Author: Marc Klein
December 20, 2023
Knowing what you owe on your credit card at any time is important. Learn all about what an outstanding balance is.
Why did the man think his credit card issuer was paying him a compliment? Because when he looked at his account, it said he had an outstanding balance.
Anyways … dad joke aside, an outstanding balance is not a compliment. But it is something you want to understand. There are several “balance” terms — such as statement balance and negative balance — and you don’t want to confuse them.
An outstanding balance — also known as the current balance — is what you owe at the very moment you’re checking your account. It’s the sum of all purchases, cash advances, balance transfers, interest, and fees at that time. And it changes throughout the billing period, going up and down as more transactions are posted. It’s a living number.
So, how does an outstanding balance differ from a statement balance?
While your outstanding balance is the most up-to-date amount you owe on your credit card every time you check your account, a statement balance is what you owe at the end of a billing cycle. A statement balance is what you’ll see on your monthly billing statement and is what your minimum amount due is based on.
Your outstanding balance and statement balance are two different things, yet — because nothing in life is ever simple — can also be the same number. To clarify, let’s play with some numbers.
Say you spent $1,000 during your billing cycle. Your credit card statement will show your statement balance as $1,000. And, unless you’ve made another transaction, your outstanding balance will be $1,000 as well.
On the other hand, say you spent $1,000 during your billing cycle and $100 the day after your cycle ends. Your credit card statement will show your statement balance as $1,000. But if you log in to your account, your outstanding balance will be $1,100.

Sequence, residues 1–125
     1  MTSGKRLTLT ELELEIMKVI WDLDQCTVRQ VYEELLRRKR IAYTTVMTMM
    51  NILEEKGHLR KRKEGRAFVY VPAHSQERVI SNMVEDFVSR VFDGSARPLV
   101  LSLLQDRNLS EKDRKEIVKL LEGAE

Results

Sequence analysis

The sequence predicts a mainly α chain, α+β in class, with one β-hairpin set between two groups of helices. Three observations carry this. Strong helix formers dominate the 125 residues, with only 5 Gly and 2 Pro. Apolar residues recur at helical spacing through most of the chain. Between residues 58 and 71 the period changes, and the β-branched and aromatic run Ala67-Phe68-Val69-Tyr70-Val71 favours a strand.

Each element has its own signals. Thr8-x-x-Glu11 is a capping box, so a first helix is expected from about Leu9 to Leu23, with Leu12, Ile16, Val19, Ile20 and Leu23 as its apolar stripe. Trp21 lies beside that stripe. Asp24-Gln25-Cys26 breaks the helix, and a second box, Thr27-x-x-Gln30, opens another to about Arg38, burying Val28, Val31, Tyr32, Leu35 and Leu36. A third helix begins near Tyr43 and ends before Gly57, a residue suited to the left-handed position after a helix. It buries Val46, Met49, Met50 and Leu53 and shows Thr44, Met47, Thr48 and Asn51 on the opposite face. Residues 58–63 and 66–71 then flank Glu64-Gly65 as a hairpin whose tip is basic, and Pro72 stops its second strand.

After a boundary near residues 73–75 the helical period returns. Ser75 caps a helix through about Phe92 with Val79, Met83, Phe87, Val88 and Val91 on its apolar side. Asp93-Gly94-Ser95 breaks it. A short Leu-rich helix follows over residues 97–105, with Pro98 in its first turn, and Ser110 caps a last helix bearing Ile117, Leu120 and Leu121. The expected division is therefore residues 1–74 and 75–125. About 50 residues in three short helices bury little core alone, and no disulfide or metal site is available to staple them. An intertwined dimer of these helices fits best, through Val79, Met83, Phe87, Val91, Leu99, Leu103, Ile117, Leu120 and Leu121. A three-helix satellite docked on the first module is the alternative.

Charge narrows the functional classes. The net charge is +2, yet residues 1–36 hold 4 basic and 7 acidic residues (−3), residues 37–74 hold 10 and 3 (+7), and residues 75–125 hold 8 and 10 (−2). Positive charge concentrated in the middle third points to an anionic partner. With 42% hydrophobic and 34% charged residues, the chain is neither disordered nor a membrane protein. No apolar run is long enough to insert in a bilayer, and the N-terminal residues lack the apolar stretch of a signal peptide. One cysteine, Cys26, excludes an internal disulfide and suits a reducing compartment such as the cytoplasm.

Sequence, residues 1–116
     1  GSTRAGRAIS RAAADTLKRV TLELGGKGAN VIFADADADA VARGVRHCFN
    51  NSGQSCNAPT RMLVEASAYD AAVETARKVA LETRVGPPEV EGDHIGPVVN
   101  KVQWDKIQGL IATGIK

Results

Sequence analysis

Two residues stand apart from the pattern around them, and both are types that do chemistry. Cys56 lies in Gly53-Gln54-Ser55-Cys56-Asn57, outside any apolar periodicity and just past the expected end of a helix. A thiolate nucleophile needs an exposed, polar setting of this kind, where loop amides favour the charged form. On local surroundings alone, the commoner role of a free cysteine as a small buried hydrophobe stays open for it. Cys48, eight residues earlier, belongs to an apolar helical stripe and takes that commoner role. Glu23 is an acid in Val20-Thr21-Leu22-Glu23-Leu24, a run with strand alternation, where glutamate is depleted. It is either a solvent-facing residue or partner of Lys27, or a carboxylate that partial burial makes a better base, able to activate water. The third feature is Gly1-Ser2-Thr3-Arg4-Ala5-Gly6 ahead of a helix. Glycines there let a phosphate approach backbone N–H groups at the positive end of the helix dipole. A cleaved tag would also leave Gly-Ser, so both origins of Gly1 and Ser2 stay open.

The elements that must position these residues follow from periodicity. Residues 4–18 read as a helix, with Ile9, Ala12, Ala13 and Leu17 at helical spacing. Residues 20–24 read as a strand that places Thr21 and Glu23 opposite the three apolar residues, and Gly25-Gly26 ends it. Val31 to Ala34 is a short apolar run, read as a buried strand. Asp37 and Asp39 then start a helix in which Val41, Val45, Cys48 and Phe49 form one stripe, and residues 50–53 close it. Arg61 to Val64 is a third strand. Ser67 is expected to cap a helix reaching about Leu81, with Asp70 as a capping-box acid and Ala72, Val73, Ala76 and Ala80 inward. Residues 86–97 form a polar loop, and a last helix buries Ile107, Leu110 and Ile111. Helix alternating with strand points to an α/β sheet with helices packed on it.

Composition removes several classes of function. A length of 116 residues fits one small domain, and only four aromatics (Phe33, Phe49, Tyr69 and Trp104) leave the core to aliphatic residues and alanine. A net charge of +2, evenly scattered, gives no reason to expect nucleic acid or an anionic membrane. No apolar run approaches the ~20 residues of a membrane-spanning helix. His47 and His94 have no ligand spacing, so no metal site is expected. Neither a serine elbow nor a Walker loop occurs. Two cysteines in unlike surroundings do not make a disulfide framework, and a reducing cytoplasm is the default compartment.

On the list of important steps to take to build a good credit score, “making timely payments” is definitely toward the top. In fact, it’s one of the most important things you can do.
So, if you’re wondering if you should pay your outstanding balance, the answer is a resounding yes. If you can afford to do so, pay off that bad boy every time. Not only does it bring your balance down to zero, but it also means you’re avoiding interest and late fees, and freeing up credit for future purchases. Plus, paying your bill lowers your credit utilization ratio (CUR). All good things.
It’s never a bad idea to pay off your balance. Heck, pay it early if you can.
Who knew there were different kinds of balances, right? Knowing what an outstanding balance is — and how it’s different from a statement balance — is important. But regardless of the type of balance, it’s key to manage your credit card responsibly and make payments on time, every time.
On that note, if you’d like a credit card designed to help you build your credit score when you make timely payments each month, see if you pre-qualify for an offering from Credit One Bank.
About the author:Marc Klein
With his eyes set on becoming the next great ad man (at least until his comedy writing career took off), Marc earned his journalism degree and went straight into advertising for various gaming and tourism clients. He later expanded his credentials to include public affairs and communications work for several environmental science organizations before returning to his marketing roots. A lifelong scholar with recent studies in strategic communication, Marc enjoys tying humor into his writing and simplifying complex financial subjects into engaging and easy-to-digest content for a wide variety of audiences.
This material is for informational purposes only and is not intended to replace the advice of a qualified tax advisor, attorney or financial advisor. Readers should consult with their own tax advisor, attorney or financial advisor with regard to their personal situations.
A negative credit card balance is when your balance is below zero, appearing as a negative amount. While this may seem like a bad thing, it’s actually quite the opposite. This means that your credit card issuer owes you that amount of money instead of the other way around.
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